Almost from the start of my HVAC career, I have made it a standard practice to create checklists, use checklists, and continuously improve upon them over the years. Long before I was introduced to quality control (QC) and continuous QC initiatives, checklists have been among my most valuable of business tools. When I did have the opportunity to participate in QC training and then sit on two QC steering committees, I came to the realization that I had been providing a level of QC all along to my job assignments — long before I could even spell QC.

I initially created my first checklist, a drawing things-to-do list, when I was an entry-level draftsperson — back when one actually drafted using No. 2 and No. 4 mechanical pencils and long before CAD (I won’t insult your intelligence by spelling out the acronym). My reasons for creating this list were as follows:

1. Don’t keep everything in your head: As an entry-level draftsperson, it’s easy to forget standard drafting tasks, such as room names and numbers, showing fire dampers in fire walls, etc.

Comment: There are so many repetitive tasks that it just made sense to me to put these into a checklist rather than rethink and/or forget the tasks on a job-by-job basis.

2. Continuously improve the list: The more I used this list the longer it became, but it still fit on an 8 ½-by-11-inch sheet of paper.

Comment: This led me to creating an equipment room checklist as I learned how to lay out HVAC equipment, piping, ductwork, etc., and this checklist also grew with repetitive tasks as I learned more about equipment room design.

3. Nothing was forgotten if I had my checklists tacked to my work area wall.

Comment: With the checklists posted, the engineer I was working with could visually check the status of the work as well as look at the drawings.

4. Great educational tool: As I learned and recognized all the tasks that had to be completed, these checklists became very useful learning tools for me and for anyone who followed my lead and used them.

5. Cost-effective: With “nothing getting forgotten,” the checklists were both effective tools for managing time and costs.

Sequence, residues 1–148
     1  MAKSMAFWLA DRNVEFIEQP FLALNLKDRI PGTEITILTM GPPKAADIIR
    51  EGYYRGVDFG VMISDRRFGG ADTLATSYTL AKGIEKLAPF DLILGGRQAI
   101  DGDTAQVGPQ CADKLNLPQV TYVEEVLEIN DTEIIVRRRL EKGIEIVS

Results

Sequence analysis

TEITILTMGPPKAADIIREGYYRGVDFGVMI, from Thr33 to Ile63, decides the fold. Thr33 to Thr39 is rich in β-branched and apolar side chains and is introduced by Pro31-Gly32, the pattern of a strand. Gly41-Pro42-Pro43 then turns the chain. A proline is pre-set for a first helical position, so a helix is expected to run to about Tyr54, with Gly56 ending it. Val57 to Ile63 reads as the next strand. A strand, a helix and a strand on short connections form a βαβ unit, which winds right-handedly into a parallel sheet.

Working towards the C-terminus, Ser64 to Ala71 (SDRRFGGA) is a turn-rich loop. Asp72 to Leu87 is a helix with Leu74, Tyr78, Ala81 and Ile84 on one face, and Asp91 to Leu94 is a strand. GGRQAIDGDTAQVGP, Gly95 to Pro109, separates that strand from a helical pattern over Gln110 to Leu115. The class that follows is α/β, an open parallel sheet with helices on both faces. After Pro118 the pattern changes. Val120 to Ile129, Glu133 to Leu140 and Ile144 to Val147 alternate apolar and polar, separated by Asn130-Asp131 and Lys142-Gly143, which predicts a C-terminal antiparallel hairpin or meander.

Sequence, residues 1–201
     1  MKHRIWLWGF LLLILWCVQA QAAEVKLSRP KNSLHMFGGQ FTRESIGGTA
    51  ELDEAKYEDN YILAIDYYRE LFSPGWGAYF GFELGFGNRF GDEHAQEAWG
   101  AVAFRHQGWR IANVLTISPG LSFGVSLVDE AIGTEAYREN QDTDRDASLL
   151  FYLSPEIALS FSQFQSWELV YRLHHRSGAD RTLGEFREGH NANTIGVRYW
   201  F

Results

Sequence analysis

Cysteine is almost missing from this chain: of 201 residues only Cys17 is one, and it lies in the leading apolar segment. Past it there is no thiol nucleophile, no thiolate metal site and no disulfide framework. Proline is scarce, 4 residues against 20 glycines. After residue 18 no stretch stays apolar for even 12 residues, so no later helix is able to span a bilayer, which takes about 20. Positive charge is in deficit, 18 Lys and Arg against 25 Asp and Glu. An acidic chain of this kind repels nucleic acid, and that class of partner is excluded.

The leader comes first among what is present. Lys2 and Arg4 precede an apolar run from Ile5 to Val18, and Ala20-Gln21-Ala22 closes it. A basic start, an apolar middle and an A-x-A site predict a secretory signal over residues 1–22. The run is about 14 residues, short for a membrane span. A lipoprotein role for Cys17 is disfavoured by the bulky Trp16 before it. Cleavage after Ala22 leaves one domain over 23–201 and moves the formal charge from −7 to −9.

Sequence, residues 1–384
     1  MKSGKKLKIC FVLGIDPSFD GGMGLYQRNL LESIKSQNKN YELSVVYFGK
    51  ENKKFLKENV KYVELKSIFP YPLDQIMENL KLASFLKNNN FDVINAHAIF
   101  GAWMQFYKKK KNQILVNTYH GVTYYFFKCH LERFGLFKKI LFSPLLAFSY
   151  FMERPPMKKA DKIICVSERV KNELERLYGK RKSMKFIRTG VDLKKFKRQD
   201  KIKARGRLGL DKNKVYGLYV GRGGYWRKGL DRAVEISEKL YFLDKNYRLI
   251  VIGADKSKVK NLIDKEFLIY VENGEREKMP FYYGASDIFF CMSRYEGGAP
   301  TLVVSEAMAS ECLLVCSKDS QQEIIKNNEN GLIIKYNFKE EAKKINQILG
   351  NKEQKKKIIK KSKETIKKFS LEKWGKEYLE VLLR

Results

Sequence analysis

Comment: Time was not wasted routinely thinking about what had to be done, and equipment and devices were shown and not forgotten on the drawings, e.g., fire dampers that could lead to an eventual design-contractor dispute based on what was shown versus what was not shown.


So how does one go about creating a checklist?

First, one should think about whether a checklist is necessary for the application in question. A QC analysis tool is to ask the “Five Whys.”

  1. Why do I need a checklist? Because there are numerous repetitive tasks, like showing fire dampers that occur on every drawing of a particular type of sheet metal floor plans.

  2. Why do I need a checklist? I need to prioritize what gets shown on the drawing, such as “show terminal units first.”

  3. Why do I need a checklist? I can have a list of “non-thinking” things to do that I can delegate to a less experienced draftsperson with little explanation, e.g., fill in room names, room numbers, column letters, column numbers, the title block, etc.

  4. Why do I need a checklist? I can indicate the percentage of the drawing that has been completed for the engineer to review, and he/she will determine the status of the work.

  5. Why do I need a checklist? I can show/coordinate with other trade requests, e.g., show concrete pads, equipment weights, etc.

Depending on the type of checklist, such as a field observation-equipment checklist, other information and assignments can become very standardized, including photos of the equipment, the equipment label, its location, and the contract specification requirements associated with this equipment that is not shown on the contract drawing, e.g., hanger requirements, piping detail, etc.

Certain checklists, used initially for complete field observation reports, can be reused as part of the engineer’s final punch list. They’re capable of indicating the actual installation with punch list things to confirm on this checklist, e.g., shut-of valves, able to access and service coil, etc.

Continuous improvements to one checklist can often result in the creation of a new checklist to continue on the process from drafting to design, field observation, punch lists, facility manager’s equipment installation databases, and more.

Today, more than 50 years later, I’m still using checklists to save time and money on projects.